He was talking about the acquisition of MapMyFitness – an online and mobile app that millions of people use to track and store their running, cycling and other fitness data. I’m sure you see why it makes sense. The wearbles area is moving forward very quickly. This year Ralph Lauren Polo say they will market a shirt with respiration and heart rate tracking built into the fibers of the cloth. That makes the shirt an endpoint ‘device’. Then it’s easy to see fitness data as ‘content’ and soon enough you start thinking about the iPod and iTunes history analogy.   If you only have the shirt, but not the data service – maybe you’ll end up being a Sony, not an Apple in a forthcoming industry battle.

However, last week Tesco announced that it is doing something that appears to be opposite to the strategy of Underarmour – it is selling off ‘digital’ assets.  Tesco has long been regarded as a company that is pretty tech savvy. It usually comes in the top 10 of non-tech companies mentioned by CEOs as admired, for the use of digital and information technology for competitive advantage  (paywall source).  Yet Tesco has decided to sell two businesses: Tesco Broadband and Blinkbox (a UK internet TV service, similar to Netflix.). Furthermore, Tesco has said it is considering selling DunHumby, the business that manages and analyses all of its Clubcard customer loyalty program data. Many business news commentators, including the FT  have been referring to these actions as the sale of “non-core” assets. To be sure, Tesco has some very serious business problems to tackle and a substantial financial hole to fill. So it must make some forced and painful choices. However I find it interesting that what is admired by commentators as insightful future digital strategy one year, can be reinterpreted as ‘non-core’ the next. Tesco’s fight against Amazon, Ocado, Netflix and others for consumer wallet in the UK hasn’t suddenly evaporated.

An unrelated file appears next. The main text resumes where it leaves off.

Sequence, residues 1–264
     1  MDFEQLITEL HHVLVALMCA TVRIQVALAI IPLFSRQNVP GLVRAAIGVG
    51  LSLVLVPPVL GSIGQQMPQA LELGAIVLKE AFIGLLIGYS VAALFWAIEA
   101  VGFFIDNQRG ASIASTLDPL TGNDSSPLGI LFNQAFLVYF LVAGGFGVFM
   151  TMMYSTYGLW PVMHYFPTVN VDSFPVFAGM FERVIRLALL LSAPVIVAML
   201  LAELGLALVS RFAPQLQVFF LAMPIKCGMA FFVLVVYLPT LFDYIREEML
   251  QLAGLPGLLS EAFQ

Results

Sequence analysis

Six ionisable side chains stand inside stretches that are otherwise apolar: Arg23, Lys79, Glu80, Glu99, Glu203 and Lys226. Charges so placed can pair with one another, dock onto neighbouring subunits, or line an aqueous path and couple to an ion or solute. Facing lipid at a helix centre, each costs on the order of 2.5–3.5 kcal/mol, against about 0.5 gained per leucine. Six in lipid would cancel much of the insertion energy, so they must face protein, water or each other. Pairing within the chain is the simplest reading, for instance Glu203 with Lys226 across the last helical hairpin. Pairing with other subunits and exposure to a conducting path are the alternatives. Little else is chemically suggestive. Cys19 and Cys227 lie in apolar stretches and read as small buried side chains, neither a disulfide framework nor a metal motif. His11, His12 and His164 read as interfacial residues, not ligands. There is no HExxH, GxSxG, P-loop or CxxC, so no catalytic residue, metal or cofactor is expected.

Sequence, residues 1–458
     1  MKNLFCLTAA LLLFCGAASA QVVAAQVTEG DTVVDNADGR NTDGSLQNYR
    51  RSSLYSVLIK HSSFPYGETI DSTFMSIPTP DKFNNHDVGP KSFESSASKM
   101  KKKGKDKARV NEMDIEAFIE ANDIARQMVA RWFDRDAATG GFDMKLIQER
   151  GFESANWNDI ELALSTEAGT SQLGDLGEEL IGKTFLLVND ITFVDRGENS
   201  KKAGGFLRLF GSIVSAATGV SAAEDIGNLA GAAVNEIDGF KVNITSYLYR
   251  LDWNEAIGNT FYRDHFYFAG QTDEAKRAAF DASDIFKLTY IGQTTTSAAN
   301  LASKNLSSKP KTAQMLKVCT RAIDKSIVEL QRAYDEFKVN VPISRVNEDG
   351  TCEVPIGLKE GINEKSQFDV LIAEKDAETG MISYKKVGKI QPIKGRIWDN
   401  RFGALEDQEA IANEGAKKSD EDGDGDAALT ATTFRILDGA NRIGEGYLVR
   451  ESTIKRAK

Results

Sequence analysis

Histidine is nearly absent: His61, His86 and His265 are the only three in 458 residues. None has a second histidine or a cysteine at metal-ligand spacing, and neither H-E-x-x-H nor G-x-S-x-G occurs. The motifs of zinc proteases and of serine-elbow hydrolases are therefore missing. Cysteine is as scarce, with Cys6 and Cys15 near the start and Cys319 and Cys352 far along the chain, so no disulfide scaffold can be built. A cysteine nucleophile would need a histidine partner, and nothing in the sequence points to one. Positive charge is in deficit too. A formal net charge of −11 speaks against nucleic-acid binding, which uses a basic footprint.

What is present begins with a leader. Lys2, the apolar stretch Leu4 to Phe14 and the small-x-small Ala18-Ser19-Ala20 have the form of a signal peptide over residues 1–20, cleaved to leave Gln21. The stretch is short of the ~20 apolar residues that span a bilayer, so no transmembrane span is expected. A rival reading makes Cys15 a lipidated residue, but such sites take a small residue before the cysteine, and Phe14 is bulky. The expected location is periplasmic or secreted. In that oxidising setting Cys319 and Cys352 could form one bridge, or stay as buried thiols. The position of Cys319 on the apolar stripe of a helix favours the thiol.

Digital business change is accelerating and your company will likely come to a point when it has to start investing in a new and unusual business direction that doesn’t feel natural or comfortable. E-cigarettes for tobacco companies, wearable devices for Swiss watch companies, drones for helicopter operators … none of it will suddenly feel “core”. As your innovative new strategy follows the inevitable hype cycle, there will be a trough of disillusionment. Make sure you agree upfront, that digital business will be your future ‘core’. It’s not just a fair weather game, for when times are good.  If you don’t believe that – why bother?


P.S. As a long time admirer of Tesco, I wish them a speedy recovery in 2015.






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CEOs and CIOs – what’s your “techquisition” strategy?

by Mark Raskino  |  October 16, 2014  |  1 Comment

I am intrigued when I see a company in a traditional industry, acquire some kind of digital or information technology business. It’s a very modern M&A sub-trend I’ll call  “techquisitioning”. We did not see much of it during the original dot com and e-business boom of the early 2000’s. However, there are many more interesting entities out there to be considered today – some quite mature and ready to pick. Here are some recent examples:

I think some of the smartest traditional industry business leaders have rather suddenly woken up to the digital threats on the horizon in the post-recession new normal. Companies like Google, Amazon, Facebook and Alibaba have used digital era technology to amass a great deal of market power which they can use to either enter or pressure multiple industries. After a decade of relative under-investment in technology, catching up or leapfrogging isn’t easy for the traditional incumbents. Organic capability development is slow. So sometimes, jump-starting your future by acquiring a technology, online property, platform or talent team might make sense.

Let’s imagine for a moment that this is a good idea and it works (we cannot know yet, it’s too soon to tell). The early movers have started- what are you going to do?  Do you have the management team competency to find and evaluate potential targets? If so, do you have the funds and the investor tolerance to make your own fast follower moves? Finally – could you integrate such delicate and culturally disparate entities without crushing them? These are questions I think many boards of directors will be debating with their CEOs over the next couple of years. CIOs should be ready to help the leadership team develop answers.